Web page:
Monday, December 22, 2014

a night at the palace

Last night, on the eve of the solstice,  i went to see the mysore palace, my first real sightseeing since i got here. I love to go for walks, but venturing to the city alone hasn't been one of my interests. I am really glad i got over my inertia, and hopped a rickshaw to the palace. I arrived at dusk, and the place was crazy crowded, almost all local people. I realized almost immediately that i should have come a little earlier to see it all first in the daylight.  On Sunday evenings, they light up the palace with lightbulbs that cover the buildings. It's a cross between an amusement park strategy and the old films you can see of Edison's era, showing the uses  of the newly invented lightbulb. 

That's the palace lit up. They only keep the lights on for about 40 minutes. I need to come back in the daytime to see the inside of the palace which is supposed to be magnificent. A visit to a tourist site would not be complete without being mobbed by schoolgirls who want their picture taken, and then to take pictures with you. I feel bad that i know about one word of kannada, the local language, but the kids speak pretty decent English. 

Another view towards the front entrance of the palace grounds. The archway in the front is attached to a temple (another temple is on the opposite side of the entrance). Being india, a palace isn't just a palace...but has a number of temples on the grounds: one for ganesha, one for siva and the last i don't remember. I spent time in each temple, my first experience of a hindu temple in india (other than getting locked in the grounds of the local Krishna temple, though i was too timid to go in the main temple there.)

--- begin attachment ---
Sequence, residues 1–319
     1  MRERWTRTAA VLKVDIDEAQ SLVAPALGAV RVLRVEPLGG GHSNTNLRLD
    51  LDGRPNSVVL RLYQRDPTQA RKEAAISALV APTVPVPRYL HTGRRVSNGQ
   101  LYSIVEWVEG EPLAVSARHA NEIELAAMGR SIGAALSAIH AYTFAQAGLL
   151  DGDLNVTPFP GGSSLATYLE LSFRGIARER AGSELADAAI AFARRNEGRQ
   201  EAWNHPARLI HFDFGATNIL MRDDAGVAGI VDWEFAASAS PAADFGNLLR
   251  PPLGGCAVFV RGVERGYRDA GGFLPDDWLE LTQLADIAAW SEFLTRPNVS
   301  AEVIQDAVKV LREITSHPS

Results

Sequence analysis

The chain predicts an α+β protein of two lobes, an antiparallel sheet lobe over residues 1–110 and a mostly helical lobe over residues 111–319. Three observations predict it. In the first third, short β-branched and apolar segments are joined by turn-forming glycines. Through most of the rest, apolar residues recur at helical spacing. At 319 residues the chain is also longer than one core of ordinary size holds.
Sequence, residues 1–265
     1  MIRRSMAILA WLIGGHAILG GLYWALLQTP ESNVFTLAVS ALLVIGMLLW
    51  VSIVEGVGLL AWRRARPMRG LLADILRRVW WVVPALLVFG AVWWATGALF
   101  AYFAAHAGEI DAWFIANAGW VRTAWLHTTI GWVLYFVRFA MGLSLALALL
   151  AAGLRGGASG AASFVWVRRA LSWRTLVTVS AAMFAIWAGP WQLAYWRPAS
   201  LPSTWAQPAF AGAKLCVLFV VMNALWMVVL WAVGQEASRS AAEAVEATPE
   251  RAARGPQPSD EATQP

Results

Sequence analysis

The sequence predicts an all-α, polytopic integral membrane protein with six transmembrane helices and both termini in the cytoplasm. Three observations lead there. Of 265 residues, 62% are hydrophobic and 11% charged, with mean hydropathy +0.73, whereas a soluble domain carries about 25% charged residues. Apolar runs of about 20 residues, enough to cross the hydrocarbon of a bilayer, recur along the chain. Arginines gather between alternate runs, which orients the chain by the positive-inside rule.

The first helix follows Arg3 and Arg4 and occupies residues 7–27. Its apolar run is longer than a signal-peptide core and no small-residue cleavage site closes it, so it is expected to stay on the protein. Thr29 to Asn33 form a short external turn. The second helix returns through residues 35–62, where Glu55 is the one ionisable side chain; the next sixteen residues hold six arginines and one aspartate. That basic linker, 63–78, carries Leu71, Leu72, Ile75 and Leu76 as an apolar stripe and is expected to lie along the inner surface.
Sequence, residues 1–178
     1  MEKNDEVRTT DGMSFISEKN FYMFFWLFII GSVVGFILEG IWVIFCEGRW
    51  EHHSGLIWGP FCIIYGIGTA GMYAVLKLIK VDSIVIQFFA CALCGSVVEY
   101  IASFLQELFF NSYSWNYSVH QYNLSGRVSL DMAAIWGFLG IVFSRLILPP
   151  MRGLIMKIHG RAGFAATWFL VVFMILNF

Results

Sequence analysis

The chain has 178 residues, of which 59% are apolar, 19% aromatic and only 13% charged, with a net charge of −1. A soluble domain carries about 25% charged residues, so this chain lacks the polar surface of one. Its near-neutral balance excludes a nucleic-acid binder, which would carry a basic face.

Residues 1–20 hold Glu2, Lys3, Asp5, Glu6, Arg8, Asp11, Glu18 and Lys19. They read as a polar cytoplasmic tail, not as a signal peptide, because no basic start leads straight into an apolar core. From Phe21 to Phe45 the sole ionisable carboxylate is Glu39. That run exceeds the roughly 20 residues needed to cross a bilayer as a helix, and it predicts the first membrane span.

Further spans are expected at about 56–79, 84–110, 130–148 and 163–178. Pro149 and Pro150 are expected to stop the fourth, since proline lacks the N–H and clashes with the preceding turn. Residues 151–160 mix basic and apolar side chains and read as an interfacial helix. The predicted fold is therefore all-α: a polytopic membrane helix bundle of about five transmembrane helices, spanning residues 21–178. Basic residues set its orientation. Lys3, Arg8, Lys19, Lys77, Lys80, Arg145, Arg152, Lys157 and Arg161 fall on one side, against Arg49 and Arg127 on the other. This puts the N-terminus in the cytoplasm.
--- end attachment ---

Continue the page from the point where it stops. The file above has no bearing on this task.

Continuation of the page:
Explaining the right way to pray?

The ganesha temple near where i came in. Here is was allowed to take photos, though i felt a bit sacrilegious doing so. No sooner did i snap the photo below, looking into the closed main temple room, than a group of people arrived to worship. I felt so much like the clueless american tourist. There is something really powerful about seeing others' devotion, especially in an environment like this. Several times during my visits to the temples here, i was quite moved by what went on around me.

The two temples that flank the main entrance were open. You leave your shoes outside,  and go towards the main shrine room, where the priest comes out. You make a small donation, and are given blessed oil and flowers, and the red powder that goes between your eyebrows. I was pretty ignorant about the entire procedure, and completely messed up at the last of many edicut mishaps i have had here. In each of the temples, i felt acutely aware of being alone, despite the crowds outside. I also felt perhaps the sacredness of the space, even though it is not my religion, and i dont feel especially connected to the rituals and gods of hinduism.

The view into the siva temple.

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